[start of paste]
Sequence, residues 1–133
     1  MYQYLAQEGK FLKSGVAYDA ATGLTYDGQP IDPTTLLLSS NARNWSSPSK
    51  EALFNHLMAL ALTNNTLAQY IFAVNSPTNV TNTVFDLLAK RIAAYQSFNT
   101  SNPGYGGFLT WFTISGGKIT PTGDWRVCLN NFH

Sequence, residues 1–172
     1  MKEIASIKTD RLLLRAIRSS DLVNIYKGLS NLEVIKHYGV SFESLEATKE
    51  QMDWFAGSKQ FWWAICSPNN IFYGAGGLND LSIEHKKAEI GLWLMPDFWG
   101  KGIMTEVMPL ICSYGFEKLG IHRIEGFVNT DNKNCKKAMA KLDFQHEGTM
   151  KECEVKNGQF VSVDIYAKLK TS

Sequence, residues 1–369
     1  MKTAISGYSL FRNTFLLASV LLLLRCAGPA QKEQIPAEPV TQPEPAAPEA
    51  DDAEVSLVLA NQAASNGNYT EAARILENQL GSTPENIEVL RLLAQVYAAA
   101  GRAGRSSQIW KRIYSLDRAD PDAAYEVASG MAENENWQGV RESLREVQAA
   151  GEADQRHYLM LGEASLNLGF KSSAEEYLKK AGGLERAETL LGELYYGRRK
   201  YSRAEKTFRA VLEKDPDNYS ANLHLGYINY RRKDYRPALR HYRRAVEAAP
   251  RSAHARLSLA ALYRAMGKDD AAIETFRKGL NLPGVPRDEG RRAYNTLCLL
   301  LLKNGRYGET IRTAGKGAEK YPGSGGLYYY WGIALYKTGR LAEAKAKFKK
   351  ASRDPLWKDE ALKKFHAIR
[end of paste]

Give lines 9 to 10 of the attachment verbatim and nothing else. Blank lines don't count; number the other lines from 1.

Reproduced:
   151  KECEVKNGQF VSVDIYAKLK TS

Sequence, residues 1–369